Stuffed mushrooms, portobello mushroom burgers or tofu omelette. Plus eat ‘al fresco’ in the sunshine!

Vitamin E

What does it do for me?

Vitamin E is a fat-soluble antioxidant that helps protect cell membranes against free radical damage. It’s essential for healthy skin and eyes, plus strong immunity. A vitamin E deficiency can cause muscle and nerve damage, weakness, vision problems, and a weakened immune system.

Where can I get it from?

Spinach is an amazing source of vitamin E. Other great sources are avocados, almonds, broccoli, sunflower seeds and oil, hazelnuts, butternut squash, pine nuts, and peanuts.

How much do I need?

The average adult should aim for 15mg per day. For comparison, 100g spinach contains approx 3mg of vitamin E. Half an avocado has around 2mg.

Any meal ideas?

Porridge with hazelnuts, broccoli burgers, butternut squash and spinach soup, avocado pesto pasta, almond butter on toast.

avocado and spinach on toast vegan breakfast

Avocado and spinach are great sources of Vitamin E.

Vitamin K

What does it do for me?

Vitamin K is essential in blood clotting. It also assists in bone health, preventing heart disease and kidney function. Without it, you can bleed too much when injured, bruise easily, have heavy menstruation, and over time suffer from reduced bone strength.

Where can I get it from?

There are two types – K1 and K2. We create K2 when we consume K1, with help from our gut bacteria.

Vitamin K1 is made by plants. Find it in sprouts, kale, cabbage, broccoli, spinach, green leaf lettuce cauliflower, blueberries and kiwi fruit.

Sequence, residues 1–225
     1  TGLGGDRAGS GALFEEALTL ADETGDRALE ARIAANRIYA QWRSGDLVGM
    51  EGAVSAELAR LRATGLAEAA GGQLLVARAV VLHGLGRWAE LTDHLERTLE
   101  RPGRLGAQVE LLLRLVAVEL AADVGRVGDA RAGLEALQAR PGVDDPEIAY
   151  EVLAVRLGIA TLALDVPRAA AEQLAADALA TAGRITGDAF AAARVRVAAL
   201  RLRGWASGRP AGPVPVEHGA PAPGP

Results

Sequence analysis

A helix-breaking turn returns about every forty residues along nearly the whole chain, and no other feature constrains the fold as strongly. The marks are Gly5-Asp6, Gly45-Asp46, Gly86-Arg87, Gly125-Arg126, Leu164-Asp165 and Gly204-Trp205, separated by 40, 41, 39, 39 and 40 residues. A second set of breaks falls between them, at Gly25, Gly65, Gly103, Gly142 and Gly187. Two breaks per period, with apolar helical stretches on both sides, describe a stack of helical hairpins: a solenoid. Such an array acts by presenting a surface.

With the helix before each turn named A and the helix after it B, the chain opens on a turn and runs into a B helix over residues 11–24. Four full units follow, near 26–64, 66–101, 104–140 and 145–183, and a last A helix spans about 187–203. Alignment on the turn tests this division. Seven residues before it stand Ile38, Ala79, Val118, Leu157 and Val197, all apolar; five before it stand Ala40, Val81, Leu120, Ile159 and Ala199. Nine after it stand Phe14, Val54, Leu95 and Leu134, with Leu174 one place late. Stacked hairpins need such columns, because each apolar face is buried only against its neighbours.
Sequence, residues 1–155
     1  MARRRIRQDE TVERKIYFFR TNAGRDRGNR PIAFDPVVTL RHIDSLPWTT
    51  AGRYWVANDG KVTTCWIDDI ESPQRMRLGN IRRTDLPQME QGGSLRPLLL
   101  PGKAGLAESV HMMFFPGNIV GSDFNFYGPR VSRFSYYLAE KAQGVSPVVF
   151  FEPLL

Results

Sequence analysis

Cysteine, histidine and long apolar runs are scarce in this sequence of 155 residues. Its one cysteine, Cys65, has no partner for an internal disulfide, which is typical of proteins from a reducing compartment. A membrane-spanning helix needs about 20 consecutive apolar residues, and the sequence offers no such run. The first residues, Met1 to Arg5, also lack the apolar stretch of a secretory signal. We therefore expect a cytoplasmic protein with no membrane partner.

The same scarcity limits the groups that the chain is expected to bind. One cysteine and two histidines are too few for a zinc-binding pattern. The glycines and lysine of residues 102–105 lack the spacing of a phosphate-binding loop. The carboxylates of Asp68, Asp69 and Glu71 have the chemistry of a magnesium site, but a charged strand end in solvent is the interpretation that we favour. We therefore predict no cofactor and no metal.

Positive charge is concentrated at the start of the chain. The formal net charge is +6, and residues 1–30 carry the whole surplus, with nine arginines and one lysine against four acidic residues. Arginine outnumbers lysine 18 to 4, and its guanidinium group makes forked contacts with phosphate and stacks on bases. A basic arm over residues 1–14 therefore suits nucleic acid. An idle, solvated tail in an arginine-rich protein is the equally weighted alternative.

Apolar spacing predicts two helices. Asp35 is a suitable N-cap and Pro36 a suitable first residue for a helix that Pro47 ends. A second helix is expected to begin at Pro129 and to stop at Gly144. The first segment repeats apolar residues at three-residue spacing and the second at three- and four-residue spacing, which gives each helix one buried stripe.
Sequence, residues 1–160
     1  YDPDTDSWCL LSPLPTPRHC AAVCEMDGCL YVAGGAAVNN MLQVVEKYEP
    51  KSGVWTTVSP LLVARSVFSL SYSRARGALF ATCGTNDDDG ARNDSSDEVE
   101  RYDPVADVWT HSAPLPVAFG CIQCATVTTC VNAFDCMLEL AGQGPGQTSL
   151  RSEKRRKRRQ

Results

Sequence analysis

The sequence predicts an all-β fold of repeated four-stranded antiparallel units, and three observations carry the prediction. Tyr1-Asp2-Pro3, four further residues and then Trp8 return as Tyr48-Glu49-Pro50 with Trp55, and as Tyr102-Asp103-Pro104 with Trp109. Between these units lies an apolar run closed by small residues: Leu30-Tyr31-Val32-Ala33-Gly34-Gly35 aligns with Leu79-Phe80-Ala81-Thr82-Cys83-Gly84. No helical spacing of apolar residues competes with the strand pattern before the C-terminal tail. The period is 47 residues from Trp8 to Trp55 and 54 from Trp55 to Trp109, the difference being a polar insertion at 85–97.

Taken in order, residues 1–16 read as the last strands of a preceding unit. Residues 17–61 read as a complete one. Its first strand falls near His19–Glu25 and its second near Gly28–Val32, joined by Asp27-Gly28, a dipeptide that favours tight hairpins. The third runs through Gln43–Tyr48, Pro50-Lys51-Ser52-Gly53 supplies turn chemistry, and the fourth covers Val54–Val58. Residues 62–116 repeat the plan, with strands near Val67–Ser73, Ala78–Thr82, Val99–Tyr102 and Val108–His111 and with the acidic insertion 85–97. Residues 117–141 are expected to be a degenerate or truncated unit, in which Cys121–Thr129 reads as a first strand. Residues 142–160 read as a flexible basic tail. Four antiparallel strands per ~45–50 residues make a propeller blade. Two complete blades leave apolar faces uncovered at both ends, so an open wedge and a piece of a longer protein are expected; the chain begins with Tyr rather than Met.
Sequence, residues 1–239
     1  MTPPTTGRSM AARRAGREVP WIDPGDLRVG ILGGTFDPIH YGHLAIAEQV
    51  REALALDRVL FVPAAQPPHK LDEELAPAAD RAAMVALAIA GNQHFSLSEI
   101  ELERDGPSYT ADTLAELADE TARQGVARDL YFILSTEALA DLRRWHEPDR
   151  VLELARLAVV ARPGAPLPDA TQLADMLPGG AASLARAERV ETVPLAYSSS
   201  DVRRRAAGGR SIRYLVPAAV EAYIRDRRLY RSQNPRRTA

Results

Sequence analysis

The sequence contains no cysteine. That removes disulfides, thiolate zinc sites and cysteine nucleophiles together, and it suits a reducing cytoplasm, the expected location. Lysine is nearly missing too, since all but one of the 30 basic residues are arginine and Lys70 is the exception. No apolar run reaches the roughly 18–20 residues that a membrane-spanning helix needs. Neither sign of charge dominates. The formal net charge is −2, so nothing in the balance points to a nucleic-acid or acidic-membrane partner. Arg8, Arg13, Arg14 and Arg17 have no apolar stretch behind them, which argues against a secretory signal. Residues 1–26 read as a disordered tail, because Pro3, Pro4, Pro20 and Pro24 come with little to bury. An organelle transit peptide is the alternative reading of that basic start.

The only vegan food high in K2 is natto – a fermented soy superfood that’s tricky to get hold of. But don’t worry, we make our own K2 anyway!

How much do I need?

120mcg for men, and 90mcg for women. For comparison, a half cup of boiled broccoli contains 110mcg vitamin K.

Any meal ideas?

Eat your greens! Spinach quesadillas, sprout and rosemary soup, healthy blueberry muffins, kale and cauliflower curry, broccoli fritters, superfood salad.

Magnesium

What does it do for me?

Magnesium is required for many enzyme functions throughout the body. It regulates blood sugar and blood pressure levels, plus helps to make protein, bone and DNA. If you’re not getting enough, you may feel tired, irritable, struggle from insomnia, anxiety, joint pain and low blood sugar levels.

variety of seeds, beans and nuts

Where can I get it from?

Plants are packed with magnesium, so it’s doubtful you’ll need a supplement for this one! Seaweed, oats, almonds, cashews, cocoa, leafy greens, bananas and sweet potatoes are all fantastic sources of magnesium. Seeds are also a great source, notably chia, hemp pumpkin and sunflower.

How much do I need?

The average adult requires around 310mg per day. For comparison, there is around 90mg of magnesium in 50g of oats, and 130mg in 50g almonds.

Any meal ideas?

Mango and hemp seed smoothie, chocolate chia overnight oats, noodles with kelp and kale, sweet potato pie.

Potassium

What does it do for me?

Potassium is a mineral (electrolyte), mainly found inside our cells. The heart needs it to beat properly and regulate blood pressure. Deficiency causes gradual damage that you may not notice for a while, such as hypertension, heart disease and bone loss.

Where can I get it from?

kidney beans in a vegan pasta meal

Photo by Engin Akyurt

Did you know that vegans generally have a higher potassium intake than meat-eaters? That’s because of all the beans we eat! Beans are a fantastic source of potassium, so foods such as soybeans and kidney beans are a must. Whole grains are also a great source, so eat whole wheat bread, oatmeal and brown rice regularly. Also try sweet potato, spinach and bananas.

How much do I need?

The recommended daily dose of potassium for adults is 4,700mg. One medium banana contains around 420mg, and 100g kidney beans contain 1,400mg.

Any meal ideas?